Side Cut Metropark

1025 W River Rd.
Maumee, OH 43537

419-407-9700   |
Daily 7 a.m. until dark

The Miami & Erie Canal in Northwest Ohio

Side Cut is one of a number of Toledo’s Metroparks situated along the Maumee River and was Toledo’s first established Metropark, opening in 1930. The Metropark offers six trails that take visitors through Side Cut’s scenic landscape.

Side Cut Metropark is a symbol of Northwest Ohio history that spans over two centuries. It was the first of the Toledo Metroparks created during the depths of the Great Depression. At the beginning of the twentieth century, the conservation movement influenced civilians and officials desire to preserve and protect scenic spaces and natural resources. In Northwest Ohio. Community members saw opportunity in the sections of undeveloped, old canal land. The Miami and Erie Canal opened in 1845 and connected the Ohio River to Lake Erie in Toledo. During its construction, a side cut was built in Maumee City, which served as a feeder canal connecting the Maumee River to the main canal line. This feeder benefited the Wabash and Erie Canal, which originally ran from the Maumee River in Toledo, through Fort Wayne, and along the Wabash River to Terre Haute, eventually creating a travel route from Lake Erie to the Gulf of Mexico. During the canal era’s peak, cities along the waterway thrived as travel and trade fostered population growth and economic prosperity.

In Ohio, the existence of the state-owned canal hindered the development of portions of land along its path, shaping the future of the region's landscape. The canals' popularity could not withstand the growing power of the railroads, and by the early twentieth-century traffic on the canal consistently slowed. After the Flood of 1913, the damage to the canal was believed to be too great to repair, and in the following decades civic-minded community members saw an opportunity to preserve the canal’s history and the undeveloped land’s natural resources. Side Cut Metropark opened in 1930, named after the canal feeder built in Maumee.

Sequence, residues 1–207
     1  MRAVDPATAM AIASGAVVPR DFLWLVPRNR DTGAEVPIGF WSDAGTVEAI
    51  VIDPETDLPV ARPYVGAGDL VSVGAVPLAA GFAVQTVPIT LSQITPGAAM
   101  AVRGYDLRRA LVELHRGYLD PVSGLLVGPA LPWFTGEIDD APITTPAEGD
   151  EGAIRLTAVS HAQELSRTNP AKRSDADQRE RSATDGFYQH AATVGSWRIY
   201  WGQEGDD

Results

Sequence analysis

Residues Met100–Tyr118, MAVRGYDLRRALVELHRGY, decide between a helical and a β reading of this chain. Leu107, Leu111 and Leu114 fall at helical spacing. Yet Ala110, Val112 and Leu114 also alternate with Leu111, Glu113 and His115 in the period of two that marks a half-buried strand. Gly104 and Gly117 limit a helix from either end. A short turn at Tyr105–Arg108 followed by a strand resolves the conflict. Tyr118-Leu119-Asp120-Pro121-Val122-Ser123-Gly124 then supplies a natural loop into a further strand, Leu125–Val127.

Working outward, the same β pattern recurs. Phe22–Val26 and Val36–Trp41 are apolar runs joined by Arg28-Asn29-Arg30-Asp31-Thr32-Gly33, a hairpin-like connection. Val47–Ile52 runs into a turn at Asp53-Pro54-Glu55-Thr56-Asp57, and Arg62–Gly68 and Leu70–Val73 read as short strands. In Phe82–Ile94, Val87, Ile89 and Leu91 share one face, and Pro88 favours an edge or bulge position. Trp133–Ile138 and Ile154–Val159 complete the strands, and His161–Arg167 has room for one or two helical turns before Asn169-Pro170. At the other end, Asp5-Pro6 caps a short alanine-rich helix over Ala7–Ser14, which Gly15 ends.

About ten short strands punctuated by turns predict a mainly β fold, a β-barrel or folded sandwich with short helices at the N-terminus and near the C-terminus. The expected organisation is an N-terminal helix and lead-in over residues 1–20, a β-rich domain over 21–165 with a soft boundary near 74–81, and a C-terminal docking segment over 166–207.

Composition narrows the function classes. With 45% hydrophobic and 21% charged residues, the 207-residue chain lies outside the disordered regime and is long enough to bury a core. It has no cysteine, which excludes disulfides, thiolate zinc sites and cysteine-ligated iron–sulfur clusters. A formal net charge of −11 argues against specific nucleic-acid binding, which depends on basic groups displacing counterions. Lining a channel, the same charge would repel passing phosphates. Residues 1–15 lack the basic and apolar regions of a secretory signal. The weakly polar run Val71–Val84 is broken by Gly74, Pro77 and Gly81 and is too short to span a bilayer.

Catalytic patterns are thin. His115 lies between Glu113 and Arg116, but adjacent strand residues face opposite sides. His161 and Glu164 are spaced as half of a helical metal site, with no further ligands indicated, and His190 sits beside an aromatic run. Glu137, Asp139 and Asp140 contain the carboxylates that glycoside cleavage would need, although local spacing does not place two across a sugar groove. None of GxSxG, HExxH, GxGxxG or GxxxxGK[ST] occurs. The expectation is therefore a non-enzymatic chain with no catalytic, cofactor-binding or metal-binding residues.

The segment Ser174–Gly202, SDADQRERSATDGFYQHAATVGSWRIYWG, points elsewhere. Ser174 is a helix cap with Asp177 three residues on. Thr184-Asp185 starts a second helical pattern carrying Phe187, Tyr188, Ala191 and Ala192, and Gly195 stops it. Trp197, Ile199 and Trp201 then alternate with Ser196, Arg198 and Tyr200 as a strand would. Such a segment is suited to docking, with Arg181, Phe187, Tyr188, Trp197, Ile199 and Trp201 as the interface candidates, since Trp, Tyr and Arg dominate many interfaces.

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Notes for Travelers

Visitors to Side Cut are able to experience the history of Northwest Ohio, and its vivid natural resources. Almost a century of canal history can be seen in the remaining original canal locks connected by the Canal Locks Trail that winds through the park. The construction of the shelter houses and preservation of the locks were projects funded by the New Deal, which provided labor through the Works Progress Administration and Civilian Conservation Corps. Near Side Cut Park, overlooking the Maumee River, is the Fallen Timbers Memorial, commemorating a battle between Native Americans and the United States in 1794 over control of the Northwest Territory that ended the Northwest Indian Wars and led to the signing of the Treaty of Greenville in 1795. For almost a century, the park has offered the community a space to enjoy the unique experience that blends natural Ohio and its history.

Additional Resources

The Transition: A Tale of Northwestern Ohio, George W. Pearson.

Conservation and the Gospel of Efficiency: The Progressive Conservation Movement, 1890-1920, Samuel P. Hayes.

Canals for a Nation: The Canal Era in the United States. 1790-1860, Ronald E. Shaw.